Modern Theravada, not Western Theravada

Theravāda in the 21st century - modern applications of ancient wisdom
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Re: Modern Theravada, not Western Theravada

Postby rowyourboat » Thu Jun 25, 2009 12:17 pm

Hi Retro

What did you mean by the 'come and see' aspect of the dhamma being appealing in the west?
With Metta

& Upekkha

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Re: Modern Theravada, not Western Theravada

Postby retrofuturist » Fri Jun 26, 2009 6:58 am

Greetings RYB,

rowyourboat wrote:What did you mean by the 'come and see' aspect of the dhamma being appealing in the west?

Benefits can be obtained, known and verified here and now... not just "on promise" in some post-mortem fantasy land like is offered by the theistic religions which are flailing under the weight of modern science and reason.

Retro. :)
Through corruption of the Dhamma comes corruption of the discipline, and from corruption of the discipline comes corruption of the Dhamma. This is the first future danger as yet unarisen that will arise in the future. You should recognize it and make an effort to prevent it. (AN 5.79)

"If you stand up and be counted, from time to time you may get yourself knocked down. But remember this: A man flattened by an opponent can get up again. A man flattened by conformity stays down for good." - Thomas J. Watson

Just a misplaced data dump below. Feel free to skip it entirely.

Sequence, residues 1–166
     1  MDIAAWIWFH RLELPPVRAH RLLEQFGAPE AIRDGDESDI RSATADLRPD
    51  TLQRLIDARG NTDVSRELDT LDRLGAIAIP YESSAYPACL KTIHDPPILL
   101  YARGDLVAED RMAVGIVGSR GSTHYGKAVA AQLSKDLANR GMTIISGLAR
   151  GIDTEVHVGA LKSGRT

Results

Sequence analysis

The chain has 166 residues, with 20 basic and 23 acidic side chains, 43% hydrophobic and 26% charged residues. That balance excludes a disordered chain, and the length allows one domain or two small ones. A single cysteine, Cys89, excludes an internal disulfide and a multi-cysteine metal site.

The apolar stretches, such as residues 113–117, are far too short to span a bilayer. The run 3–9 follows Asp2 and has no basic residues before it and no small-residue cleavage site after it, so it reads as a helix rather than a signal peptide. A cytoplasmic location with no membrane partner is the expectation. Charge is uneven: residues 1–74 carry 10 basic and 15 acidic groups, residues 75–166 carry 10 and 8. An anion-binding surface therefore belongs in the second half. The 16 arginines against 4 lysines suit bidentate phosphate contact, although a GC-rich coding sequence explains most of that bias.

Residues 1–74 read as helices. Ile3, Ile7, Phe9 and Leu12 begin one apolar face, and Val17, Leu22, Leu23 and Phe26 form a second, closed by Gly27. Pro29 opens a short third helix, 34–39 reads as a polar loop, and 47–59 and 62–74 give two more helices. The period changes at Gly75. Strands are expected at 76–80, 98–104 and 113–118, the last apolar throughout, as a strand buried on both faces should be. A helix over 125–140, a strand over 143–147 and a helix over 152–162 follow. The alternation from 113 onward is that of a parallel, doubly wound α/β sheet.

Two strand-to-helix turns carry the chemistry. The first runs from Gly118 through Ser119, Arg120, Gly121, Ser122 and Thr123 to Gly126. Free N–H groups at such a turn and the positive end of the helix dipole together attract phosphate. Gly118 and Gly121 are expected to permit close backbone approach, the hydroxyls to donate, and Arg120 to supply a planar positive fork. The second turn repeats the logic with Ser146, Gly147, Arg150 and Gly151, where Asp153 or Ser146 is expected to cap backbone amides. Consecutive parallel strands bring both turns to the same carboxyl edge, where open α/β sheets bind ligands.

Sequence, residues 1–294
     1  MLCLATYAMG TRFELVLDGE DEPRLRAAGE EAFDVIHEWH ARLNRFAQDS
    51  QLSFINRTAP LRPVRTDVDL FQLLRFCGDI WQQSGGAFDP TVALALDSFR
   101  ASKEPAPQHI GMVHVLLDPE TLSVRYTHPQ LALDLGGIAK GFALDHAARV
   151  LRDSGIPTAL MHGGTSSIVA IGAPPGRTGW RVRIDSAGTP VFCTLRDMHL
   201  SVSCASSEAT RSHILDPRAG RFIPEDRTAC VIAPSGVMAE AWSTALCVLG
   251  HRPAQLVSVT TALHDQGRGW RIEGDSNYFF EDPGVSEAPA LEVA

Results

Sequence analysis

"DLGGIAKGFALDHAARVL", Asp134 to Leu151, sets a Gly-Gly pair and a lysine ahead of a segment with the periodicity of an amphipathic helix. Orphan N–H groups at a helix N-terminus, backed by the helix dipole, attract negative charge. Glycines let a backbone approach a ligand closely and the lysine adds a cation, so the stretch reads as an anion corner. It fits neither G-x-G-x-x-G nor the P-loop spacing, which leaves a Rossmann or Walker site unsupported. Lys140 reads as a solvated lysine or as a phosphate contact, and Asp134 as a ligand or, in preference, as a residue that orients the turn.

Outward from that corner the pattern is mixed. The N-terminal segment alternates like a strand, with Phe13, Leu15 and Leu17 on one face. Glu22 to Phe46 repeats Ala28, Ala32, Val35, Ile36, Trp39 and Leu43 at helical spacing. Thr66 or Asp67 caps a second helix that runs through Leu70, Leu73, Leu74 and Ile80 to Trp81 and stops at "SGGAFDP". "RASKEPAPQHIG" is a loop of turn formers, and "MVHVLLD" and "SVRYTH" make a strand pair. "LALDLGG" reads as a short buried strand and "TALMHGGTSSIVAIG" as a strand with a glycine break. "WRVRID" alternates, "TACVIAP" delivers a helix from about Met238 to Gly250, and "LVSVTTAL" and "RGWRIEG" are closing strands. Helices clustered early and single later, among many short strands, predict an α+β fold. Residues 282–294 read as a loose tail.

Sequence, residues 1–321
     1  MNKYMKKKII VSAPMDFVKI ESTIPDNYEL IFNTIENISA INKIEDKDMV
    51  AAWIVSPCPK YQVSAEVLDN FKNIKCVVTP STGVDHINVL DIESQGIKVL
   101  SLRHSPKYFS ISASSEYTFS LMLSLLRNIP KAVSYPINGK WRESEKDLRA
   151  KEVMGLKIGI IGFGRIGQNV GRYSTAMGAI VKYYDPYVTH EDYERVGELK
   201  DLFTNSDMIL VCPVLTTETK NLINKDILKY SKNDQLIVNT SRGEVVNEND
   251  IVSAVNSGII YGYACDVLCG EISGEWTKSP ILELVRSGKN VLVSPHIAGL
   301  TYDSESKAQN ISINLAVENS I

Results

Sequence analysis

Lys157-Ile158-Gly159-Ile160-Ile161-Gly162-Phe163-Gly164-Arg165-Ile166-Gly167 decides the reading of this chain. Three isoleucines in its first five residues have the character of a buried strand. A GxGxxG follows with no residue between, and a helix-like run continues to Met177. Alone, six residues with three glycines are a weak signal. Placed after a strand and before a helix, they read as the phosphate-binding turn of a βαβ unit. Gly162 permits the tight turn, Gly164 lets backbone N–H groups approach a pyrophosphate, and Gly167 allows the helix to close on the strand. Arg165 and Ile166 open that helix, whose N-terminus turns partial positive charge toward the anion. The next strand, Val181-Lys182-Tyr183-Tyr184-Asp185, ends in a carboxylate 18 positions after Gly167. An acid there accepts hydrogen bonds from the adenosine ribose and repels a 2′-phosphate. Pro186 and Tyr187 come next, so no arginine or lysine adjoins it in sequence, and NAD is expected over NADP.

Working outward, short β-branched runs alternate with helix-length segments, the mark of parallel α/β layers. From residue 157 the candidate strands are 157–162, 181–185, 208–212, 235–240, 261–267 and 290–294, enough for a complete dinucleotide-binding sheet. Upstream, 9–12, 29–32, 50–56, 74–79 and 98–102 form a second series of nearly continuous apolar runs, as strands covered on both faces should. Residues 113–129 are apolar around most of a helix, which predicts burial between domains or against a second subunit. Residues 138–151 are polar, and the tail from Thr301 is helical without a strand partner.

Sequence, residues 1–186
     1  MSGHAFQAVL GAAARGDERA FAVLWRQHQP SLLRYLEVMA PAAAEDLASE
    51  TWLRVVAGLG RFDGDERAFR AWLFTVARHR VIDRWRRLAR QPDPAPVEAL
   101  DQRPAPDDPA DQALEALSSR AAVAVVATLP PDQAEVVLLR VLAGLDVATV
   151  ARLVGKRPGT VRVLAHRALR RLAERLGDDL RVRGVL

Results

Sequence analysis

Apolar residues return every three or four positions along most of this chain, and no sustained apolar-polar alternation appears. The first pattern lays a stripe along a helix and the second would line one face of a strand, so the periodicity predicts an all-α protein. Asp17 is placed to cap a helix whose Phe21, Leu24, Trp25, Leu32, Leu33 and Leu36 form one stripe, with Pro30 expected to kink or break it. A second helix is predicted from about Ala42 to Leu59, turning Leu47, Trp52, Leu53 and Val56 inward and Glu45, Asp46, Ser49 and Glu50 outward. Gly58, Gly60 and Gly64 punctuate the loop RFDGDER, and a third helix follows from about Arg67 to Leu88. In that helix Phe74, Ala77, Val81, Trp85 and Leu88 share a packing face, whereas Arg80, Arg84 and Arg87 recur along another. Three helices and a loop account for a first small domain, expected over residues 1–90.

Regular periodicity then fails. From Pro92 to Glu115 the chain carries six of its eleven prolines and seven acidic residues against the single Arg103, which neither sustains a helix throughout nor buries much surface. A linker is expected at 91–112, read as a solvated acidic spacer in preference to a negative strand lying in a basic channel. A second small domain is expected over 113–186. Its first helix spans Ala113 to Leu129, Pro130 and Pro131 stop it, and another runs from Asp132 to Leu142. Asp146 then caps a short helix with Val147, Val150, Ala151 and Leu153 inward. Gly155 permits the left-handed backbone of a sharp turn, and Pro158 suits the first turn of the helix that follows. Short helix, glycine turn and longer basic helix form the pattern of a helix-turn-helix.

Never again...

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Re: Modern Theravada, not Western Theravada

Postby gavesako » Fri Jun 26, 2009 3:03 pm

A good passage from Ven. Sujato's letter:

In addition, my own experience in Australia has been that such distinctions are losing their meaning as the East becomes Westernized and the West becomes Easternized. The debate between 'cultural Asian' Buddhism versus 'secular western' Buddhism is, to my mind, an artifact of the first generation of Western Buddhists, and has no relevance to the young Buddhists I encounter regularly. ...
I agree completely with Susan that the Sangha will be an essential inspiration for emerging Buddhism in the West; and also that the existing Sangha is in serious need of reform. This need for reform is not just a 'Western' outsider's point of view, but is desperately felt among serious practitioners in traditional Buddhist countries. However the manner of that reform should be what Buddhists have done throughout history: go back to the original teachings, investigate what the Buddha himself taught, and seek for ways to apply that in our present context. This demands a serious commitment to the study of early Buddhism, not just 'tossing' out what we don't want.
Bhikkhu Gavesako
Kiṃkusalagavesī anuttaraṃ santivarapadaṃ pariyesamāno... (MN 26) - Teachings of Ajahn Chah in many languages
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David N. Snyder
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Re: Modern Theravada, not Western Theravada

Postby David N. Snyder » Fri Sep 18, 2009 5:54 pm

I added a DhammaWIki article about this subject:

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